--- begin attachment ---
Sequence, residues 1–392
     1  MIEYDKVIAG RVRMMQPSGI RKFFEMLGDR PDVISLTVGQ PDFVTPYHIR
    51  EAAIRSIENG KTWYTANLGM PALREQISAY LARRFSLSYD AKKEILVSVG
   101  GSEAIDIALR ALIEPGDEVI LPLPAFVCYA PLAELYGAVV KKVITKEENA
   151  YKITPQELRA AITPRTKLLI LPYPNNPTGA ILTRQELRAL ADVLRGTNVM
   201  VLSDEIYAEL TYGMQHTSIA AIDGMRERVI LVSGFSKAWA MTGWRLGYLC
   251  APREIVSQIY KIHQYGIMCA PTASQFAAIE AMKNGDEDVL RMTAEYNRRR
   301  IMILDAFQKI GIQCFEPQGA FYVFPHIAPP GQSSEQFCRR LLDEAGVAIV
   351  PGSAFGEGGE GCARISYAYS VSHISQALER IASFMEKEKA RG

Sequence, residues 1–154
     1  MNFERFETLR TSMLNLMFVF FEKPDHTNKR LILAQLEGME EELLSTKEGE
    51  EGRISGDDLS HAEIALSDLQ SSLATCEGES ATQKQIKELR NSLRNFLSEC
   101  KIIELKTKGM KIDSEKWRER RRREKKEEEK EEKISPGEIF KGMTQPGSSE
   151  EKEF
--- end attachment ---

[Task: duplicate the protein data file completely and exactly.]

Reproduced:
Sequence, residues 1–392
     1  MIEYDKVIAG RVRMMQPSGI RKFFEMLGDR PDVISLTVGQ PDFVTPYHIR
    51  EAAIRSIENG KTWYTANLGM PALREQISAY LARRFSLSYD AKKEILVSVG
   101  GSEAIDIALR ALIEPGDEVI LPLPAFVCYA PLAELYGAVV KKVITKEENA
   151  YKITPQELRA AITPRTKLLI LPYPNNPTGA ILTRQELRAL ADVLRGTNVM
   201  VLSDEIYAEL TYGMQHTSIA AIDGMRERVI LVSGFSKAWA MTGWRLGYLC
   251  APREIVSQIY KIHQYGIMCA PTASQFAAIE AMKNGDEDVL RMTAEYNRRR
   301  IMILDAFQKI GIQCFEPQGA FYVFPHIAPP GQSSEQFCRR LLDEAGVAIV
   351  PGSAFGEGGE GCARISYAYS VSHISQALER IASFMEKEKA RG

Sequence, residues 1–154
     1  MNFERFETLR TSMLNLMFVF FEKPDHTNKR LILAQLEGME EELLSTKEGE
    51  EGRISGDDLS HAEIALSDLQ SSLATCEGES ATQKQIKELR NSLRNFLSEC
   101  KIIELKTKGM KIDSEKWRER RRREKKEEEK EEKISPGEIF KGMTQPGSSE
   151  EKEF